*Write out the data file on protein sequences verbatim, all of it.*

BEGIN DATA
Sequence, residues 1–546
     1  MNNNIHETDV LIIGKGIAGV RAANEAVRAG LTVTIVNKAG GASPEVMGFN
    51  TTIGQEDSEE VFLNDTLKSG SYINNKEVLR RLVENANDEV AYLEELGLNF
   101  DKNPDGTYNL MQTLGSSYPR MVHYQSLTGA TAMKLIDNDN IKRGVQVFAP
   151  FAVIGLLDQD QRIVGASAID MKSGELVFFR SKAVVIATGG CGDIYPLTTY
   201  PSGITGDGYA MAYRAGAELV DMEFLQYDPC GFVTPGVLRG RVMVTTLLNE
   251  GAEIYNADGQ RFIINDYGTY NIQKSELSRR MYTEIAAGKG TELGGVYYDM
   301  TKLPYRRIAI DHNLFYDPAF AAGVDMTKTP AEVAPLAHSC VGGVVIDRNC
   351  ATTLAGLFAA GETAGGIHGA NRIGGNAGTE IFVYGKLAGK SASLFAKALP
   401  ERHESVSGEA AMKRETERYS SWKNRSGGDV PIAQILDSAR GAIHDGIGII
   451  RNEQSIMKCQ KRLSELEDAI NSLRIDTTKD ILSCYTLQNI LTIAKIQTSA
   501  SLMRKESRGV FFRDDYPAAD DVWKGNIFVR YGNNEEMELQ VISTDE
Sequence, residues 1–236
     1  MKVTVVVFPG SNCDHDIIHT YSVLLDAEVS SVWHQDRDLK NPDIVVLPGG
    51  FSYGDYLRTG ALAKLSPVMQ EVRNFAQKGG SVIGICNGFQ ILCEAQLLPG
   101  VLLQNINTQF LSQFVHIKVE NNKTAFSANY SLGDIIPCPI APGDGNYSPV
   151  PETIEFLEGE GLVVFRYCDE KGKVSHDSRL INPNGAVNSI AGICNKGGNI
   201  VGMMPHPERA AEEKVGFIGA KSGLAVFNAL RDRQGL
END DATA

Sequence, residues 1–546
     1  MNNNIHETDV LIIGKGIAGV RAANEAVRAG LTVTIVNKAG GASPEVMGFN
    51  TTIGQEDSEE VFLNDTLKSG SYINNKEVLR RLVENANDEV AYLEELGLNF
   101  DKNPDGTYNL MQTLGSSYPR MVHYQSLTGA TAMKLIDNDN IKRGVQVFAP
   151  FAVIGLLDQD QRIVGASAID MKSGELVFFR SKAVVIATGG CGDIYPLTTY
   201  PSGITGDGYA MAYRAGAELV DMEFLQYDPC GFVTPGVLRG RVMVTTLLNE
   251  GAEIYNADGQ RFIINDYGTY NIQKSELSRR MYTEIAAGKG TELGGVYYDM
   301  TKLPYRRIAI DHNLFYDPAF AAGVDMTKTP AEVAPLAHSC VGGVVIDRNC
   351  ATTLAGLFAA GETAGGIHGA NRIGGNAGTE IFVYGKLAGK SASLFAKALP
   401  ERHESVSGEA AMKRETERYS SWKNRSGGDV PIAQILDSAR GAIHDGIGII
   451  RNEQSIMKCQ KRLSELEDAI NSLRIDTTKD ILSCYTLQNI LTIAKIQTSA
   501  SLMRKESRGV FFRDDYPAAD DVWKGNIFVR YGNNEEMELQ VISTDE
Sequence, residues 1–236
     1  MKVTVVVFPG SNCDHDIIHT YSVLLDAEVS SVWHQDRDLK NPDIVVLPGG
    51  FSYGDYLRTG ALAKLSPVMQ EVRNFAQKGG SVIGICNGFQ ILCEAQLLPG
   101  VLLQNINTQF LSQFVHIKVE NNKTAFSANY SLGDIIPCPI APGDGNYSPV
   151  PETIEFLEGE GLVVFRYCDE KGKVSHDSRL INPNGAVNSI AGICNKGGNI
   201  VGMMPHPERA AEEKVGFIGA KSGLAVFNAL RDRQGL